The game 'The English Civil War' also has another title: 'A War Without An Enemy'. As in most civil wars, the word 'civil' was dropped pretty much at the start of hostilities.

 The English Civil War was actually a series of three conflicts. The first was fought from 1642 to 1646. The second was fought between 1648 and 1649. Both of these were fought between Parliament and King Charles I and his followers. The third part of the civil war was fought between the adherents of King Charles II, and the 'Rump' Parliament, King Charles I having been beheaded on January 30th 1649.

 This game is about the first part of the conflict, July 1642 to December 1646. The game comes with three tutorials and three campaigns, The tutorials are:

Basic Rules
Recruitment, Production, and Decisions
Advanced Concepts and Tips 

The three campaigns are:

Marston Moor
The Great Civil War

 Just like 'Bonnie Prince Charlie', Charles I lost his best chance to end the war by swiftly moving on London. In Charles I's case this was after the battle of Edgehill in 1642.

 As in real war most Ageod games show that controlling land and cities is the key to winning wars. Without a proper amount of area under your control, you will die a slow death. As an army commander you need a population large enough to to recruit soldiers from, and also tax, and grow crops etc. to keep your army intact.

 The system used in the game is 'WEGO', meaning that both sides plan their moves, and the computer shows the outcome of your decisions.  The 'Athena' engine of most Ageod games works best with a smaller number of units in play. So the 'English Civil War' and its older brother the 'Thirty Years War' are a perfect fit for the engine. The turns are fifteen days long. This game, again like TYW, has regional event cards that the player can utilize to influence the war.

 In the campaign game, the king starts with slightly better forces and controls the north of England. The Parliament controls the south and London. The Parliament also gained control of most of the English naval forces at the beginning of the war. As keeping control of areas and gaining new ones is so important, sieges play a large part of the game. This really puts us budding generals on the horns of a dilemma. Do you parcel out your forces over a large area to keep control all of your cities, or do you keep a large army intact for use in both offense or defense? Remembering that, keeping a large army supplied is not easy. This is 1642, not 1942, and there are no trucks or railways.  So everything you need moves by wagon, with the horses that are carrying your supplies probably needing more than your army does. So warfare in this era is a lot like the later rounds of a boxing match. Both opponents have to try and rest, and then pick and choose when to attack. So there is usually a flurry of activity followed by both sides resupplying etc.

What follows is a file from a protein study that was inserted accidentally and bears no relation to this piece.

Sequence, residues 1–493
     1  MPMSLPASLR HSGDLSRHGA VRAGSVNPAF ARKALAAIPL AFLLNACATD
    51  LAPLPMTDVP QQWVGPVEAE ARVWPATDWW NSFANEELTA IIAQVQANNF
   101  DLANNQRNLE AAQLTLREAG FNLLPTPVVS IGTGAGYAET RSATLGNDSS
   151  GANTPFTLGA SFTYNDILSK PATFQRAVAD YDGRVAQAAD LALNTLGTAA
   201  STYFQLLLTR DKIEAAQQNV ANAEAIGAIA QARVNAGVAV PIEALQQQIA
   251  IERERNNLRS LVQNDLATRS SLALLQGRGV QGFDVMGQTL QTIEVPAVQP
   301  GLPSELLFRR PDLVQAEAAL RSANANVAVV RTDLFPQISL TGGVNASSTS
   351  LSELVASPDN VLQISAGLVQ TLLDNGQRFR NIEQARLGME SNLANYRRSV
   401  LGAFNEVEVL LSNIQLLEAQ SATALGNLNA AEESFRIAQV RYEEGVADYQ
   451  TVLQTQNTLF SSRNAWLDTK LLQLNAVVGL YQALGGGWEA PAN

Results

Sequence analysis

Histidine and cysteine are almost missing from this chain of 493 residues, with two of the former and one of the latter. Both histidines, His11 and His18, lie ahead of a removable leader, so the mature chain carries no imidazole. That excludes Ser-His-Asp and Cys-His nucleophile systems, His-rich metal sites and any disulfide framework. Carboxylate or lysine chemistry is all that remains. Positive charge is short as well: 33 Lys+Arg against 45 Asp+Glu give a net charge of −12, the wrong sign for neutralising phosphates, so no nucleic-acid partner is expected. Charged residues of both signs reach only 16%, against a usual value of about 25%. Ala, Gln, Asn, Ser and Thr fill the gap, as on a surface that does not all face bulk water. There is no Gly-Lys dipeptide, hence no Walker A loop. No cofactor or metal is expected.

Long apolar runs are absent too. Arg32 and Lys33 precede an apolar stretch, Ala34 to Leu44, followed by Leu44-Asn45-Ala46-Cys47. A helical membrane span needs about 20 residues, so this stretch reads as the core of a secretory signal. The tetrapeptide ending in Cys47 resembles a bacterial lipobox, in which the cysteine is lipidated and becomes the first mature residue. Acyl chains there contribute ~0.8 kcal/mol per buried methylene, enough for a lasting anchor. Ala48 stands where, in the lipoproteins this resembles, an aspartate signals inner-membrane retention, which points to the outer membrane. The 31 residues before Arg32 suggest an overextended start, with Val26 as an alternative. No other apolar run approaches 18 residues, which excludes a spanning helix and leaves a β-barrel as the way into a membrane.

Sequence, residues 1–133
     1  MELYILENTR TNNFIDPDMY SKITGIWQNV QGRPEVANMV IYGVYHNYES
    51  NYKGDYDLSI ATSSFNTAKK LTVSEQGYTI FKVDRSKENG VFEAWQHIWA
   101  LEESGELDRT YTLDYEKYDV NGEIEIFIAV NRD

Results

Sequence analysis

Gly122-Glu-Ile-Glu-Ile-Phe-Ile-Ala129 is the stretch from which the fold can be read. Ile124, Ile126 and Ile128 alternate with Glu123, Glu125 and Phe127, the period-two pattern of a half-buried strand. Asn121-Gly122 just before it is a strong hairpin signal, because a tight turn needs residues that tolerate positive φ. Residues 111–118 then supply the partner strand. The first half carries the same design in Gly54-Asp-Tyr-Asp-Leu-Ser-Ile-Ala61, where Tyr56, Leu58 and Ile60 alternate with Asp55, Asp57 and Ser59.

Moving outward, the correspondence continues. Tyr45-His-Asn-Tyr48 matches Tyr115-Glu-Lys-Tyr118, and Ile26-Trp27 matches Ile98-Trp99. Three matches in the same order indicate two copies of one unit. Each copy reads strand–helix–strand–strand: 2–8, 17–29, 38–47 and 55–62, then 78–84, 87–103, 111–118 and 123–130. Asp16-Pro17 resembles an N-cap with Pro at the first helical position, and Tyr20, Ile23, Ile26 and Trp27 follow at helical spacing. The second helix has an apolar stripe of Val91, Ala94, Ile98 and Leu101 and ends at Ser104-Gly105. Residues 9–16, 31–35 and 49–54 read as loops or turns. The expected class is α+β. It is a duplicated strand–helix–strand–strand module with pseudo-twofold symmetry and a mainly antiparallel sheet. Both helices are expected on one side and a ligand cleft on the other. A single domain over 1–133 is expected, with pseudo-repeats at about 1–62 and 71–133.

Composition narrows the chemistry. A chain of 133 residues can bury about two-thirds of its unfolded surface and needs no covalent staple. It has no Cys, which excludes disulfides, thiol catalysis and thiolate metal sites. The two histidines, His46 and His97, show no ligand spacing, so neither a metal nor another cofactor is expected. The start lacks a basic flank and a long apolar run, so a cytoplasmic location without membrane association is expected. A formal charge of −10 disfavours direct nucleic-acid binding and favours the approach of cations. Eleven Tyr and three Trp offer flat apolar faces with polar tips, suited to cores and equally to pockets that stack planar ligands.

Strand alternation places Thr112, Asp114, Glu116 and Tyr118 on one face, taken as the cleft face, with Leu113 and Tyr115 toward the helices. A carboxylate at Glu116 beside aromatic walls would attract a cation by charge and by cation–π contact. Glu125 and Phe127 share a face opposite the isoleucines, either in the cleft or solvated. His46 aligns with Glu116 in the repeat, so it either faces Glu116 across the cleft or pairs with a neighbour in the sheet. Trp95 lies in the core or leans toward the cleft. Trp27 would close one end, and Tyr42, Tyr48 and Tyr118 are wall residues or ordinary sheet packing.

The Marston Moor campaign is pretty much a toss up between the King and Parliament. The Naseby campaign is, as it should be, tilted heavily in Parliament's favor. I have learned the hard way not to attempt battle early on playing as the Royalists.

 The Ageod 'Athena' engine has always had its detractors and its fan base. The area movement and lack of player input during battles has left some of the micro-management players out in the cold. To me and most others, the 'Athena' engine does a great job of showing how pre-20th century warfare really worked. The system is a bit hard for brand new players. Now however, there are plenty of 'how to' videos for Ageod games, and the tutorials have only gotten better.

 Now we have to move on to one item. For those of you with small children or grand kids, Dora can help us out "It's the map, it's the map, it's the map". Some parts of the map are not correct. From what I understand it is where some cities are compared to the counties or areas on the map. In reading the various posts and then looking at the map I understand these peoples' chagrin. The good news is that it really does not affect the game play at all.

 In May a patch (version 1.02) was posted about. It was supposed to include the following:

-- Some text Issues fixed.
-- Logbatch consumes a lot of memory issue fixed.
-- Leaders dont recover their stats after forming a group fixed.
-- Patch number does not show up fixed.
-- Issue regarding the construction of troops. Fixed, now you can build in the regions you have loyalty over 51% and if you have the assets needed.
-- Reg Southminster tooltip now shows ‘Clear’.
-- More WS for the Parliamentarian. Some structures generates more WS each turn. 

 Per the forum, it looks like it is taking longer than expected to release it because more fixes were going to be added to it. I was trying to hold off until the new patch was released to start playing, but time waits for no man.

 On another note, I love the movie Cromwell. Here are some quotes from people about him that I found: